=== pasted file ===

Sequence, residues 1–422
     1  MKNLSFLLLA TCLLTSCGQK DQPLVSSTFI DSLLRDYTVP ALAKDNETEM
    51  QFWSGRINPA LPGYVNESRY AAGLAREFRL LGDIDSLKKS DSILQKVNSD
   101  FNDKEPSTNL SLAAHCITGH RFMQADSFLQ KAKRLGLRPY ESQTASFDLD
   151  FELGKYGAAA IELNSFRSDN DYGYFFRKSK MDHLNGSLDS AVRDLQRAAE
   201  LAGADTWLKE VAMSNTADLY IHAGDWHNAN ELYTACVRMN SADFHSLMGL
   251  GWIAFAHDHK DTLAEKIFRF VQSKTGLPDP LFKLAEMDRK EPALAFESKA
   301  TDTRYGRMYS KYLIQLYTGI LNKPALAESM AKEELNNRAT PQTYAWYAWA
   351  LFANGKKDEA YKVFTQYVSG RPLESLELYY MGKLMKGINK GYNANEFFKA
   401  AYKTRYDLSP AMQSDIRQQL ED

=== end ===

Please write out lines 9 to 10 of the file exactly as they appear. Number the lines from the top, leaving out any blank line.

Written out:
   351  LFANGKKDEA YKVFTQYVSG RPLESLELYY MGKLMKGINK GYNANEFFKA
   401  AYKTRYDLSP AMQSDIRQQL ED